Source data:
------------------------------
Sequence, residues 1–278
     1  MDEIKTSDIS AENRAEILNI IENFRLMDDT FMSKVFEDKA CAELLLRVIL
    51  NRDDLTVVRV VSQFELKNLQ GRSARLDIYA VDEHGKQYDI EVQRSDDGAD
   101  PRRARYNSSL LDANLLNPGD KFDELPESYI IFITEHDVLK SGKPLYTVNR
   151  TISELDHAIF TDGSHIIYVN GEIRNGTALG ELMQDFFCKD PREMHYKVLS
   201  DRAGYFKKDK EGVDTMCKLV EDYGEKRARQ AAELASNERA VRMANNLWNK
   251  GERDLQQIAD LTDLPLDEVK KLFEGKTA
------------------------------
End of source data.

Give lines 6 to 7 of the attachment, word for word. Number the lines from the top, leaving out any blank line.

   201  DRAGYFKKDK EGVDTMCKLV EDYGEKRARQ AAELASNERA VRMANNLWNK
   251  GERDLQQIAD LTDLPLDEVK KLFEGKTA